Woman resting on a couch with a blanketHow do I know if I have COVID-19?

You will know you have COVID-19 if your rapid antigen test is positive (2 lines) or you get a text message from NSW Health saying you are positive after getting a PCR (nose and throat swab) test.

What do I need to do if I test positive for COVID-19?

If you test positive for COVID-19, you will need to register your positive rapid antigen test result on the Service NSW app or website. If you need help, please call Service NSW on 13 77 88. You can also ask a family member, friend or carer to help you register your result.

When you register your rapid antigen test result online, you will be asked some questions about your medical condition. If you had a PCR test and receive a text from NSW health, you will click through a link to answer these questions.

If you test positive, you must self-isolate at home for 7 days. Self-isolation means staying in your home and staying away from others.

You must tell people you live with that you have COVID-19. They must have a rapid antigen test straight away and again on day 6. They must also self-isolate for 7 days, regardless of whether their test is positive or negative. You should self-isolate from the other people in your household as much as possible to reduce the chance that they will also catch the virus.

You should tell people you have seen in the 2 days before testing positive that you have COVID-19. This could include:

  • friends and family
  • your carers
  • your workplace
  • your school.

How will I manage COVID-19?

You will be sent information on how to self-isolate and look after yourself.

If you are at risk of serious illness from COVID-19,  NSW Health will contact you and help you.

If you are young, have had two doses of COVID-19 vaccine, are not pregnant and do not suffer from any chronic health conditions, you can safely look after yourself at home. Most symptoms can be managed with:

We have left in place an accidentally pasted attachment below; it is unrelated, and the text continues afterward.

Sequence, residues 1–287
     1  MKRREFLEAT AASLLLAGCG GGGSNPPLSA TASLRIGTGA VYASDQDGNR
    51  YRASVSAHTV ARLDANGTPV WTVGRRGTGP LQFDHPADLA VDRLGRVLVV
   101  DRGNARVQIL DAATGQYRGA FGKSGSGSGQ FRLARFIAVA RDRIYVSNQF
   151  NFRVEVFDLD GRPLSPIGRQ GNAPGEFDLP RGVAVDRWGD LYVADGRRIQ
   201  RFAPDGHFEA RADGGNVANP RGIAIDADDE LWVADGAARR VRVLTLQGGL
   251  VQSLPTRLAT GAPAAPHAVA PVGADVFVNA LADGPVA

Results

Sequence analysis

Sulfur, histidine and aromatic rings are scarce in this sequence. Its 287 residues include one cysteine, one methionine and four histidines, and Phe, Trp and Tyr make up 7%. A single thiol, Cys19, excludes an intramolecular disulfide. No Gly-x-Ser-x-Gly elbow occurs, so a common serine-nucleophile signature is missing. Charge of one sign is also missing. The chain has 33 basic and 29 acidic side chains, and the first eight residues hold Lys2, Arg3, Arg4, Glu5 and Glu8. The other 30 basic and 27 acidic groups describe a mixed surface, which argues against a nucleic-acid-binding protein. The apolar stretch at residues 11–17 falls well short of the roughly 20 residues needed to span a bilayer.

• bed rest
  • pain and fever relief (like Paracetamol and ibuprofen)
  • throat lozenges for a sore throat
  • keeping hydrated with regular sips of water.

Contact your GP and tell them you have COVID-19 if you are:

  • older
  • pregnant
  • Aboriginal or Torres Strait Islander with underlying health conditions
  • Pacific Islander
  • unvaccinated
  • immunocompromised.

If you need support, call your GP or the NSW Health Flu and COVID-19 Care at Home Support Line  on 1800 960 933.

If you get really sick (you feel dizzy or confused, have chest pressure or pain or are unable to stand) call Triple Zero (000) straight away and tell the ambulance staff you have COVID-19.

When can I leave self-isolation?

You must self-isolate for 7 days from the day you were tested. You can only leave self-isolation after 7 days if you do not have a sore throat, runny nose, cough or shortness of breath. If you have a sore throat, runny nose, cough or shortness of breath in the last 24 hours of your self-isolation, please remain in self-isolation until 24 hours after your symptoms have gone away. Call your GP if you have any concerns.

You do not need to wait for a text from NSW Health and you do not need to do a test before leaving self-isolation after 7 days.

What happens after self-isolation?

While you are unlikely to get COVID-19 again for about 28 days once you have recovered, you should continue with your COVID safe behaviours such as wearing a face mask when indoors, keeping a safe distance from others (or wearing a face mask if this isn’t possible) and regularly washing your hands and using hand sanitiser.

Do not attend high risk settings like hospitals and aged care facilities for 3 days after leaving self-isolation.

If you haven’t had your booster dose before testing positive to COVID-19, you can get it once you have fully recovered. This is around 4-6 weeks after testing positive to COVID-19.

Current as at: Tuesday 24 May 2022
Contact page owner: Health Protection NSW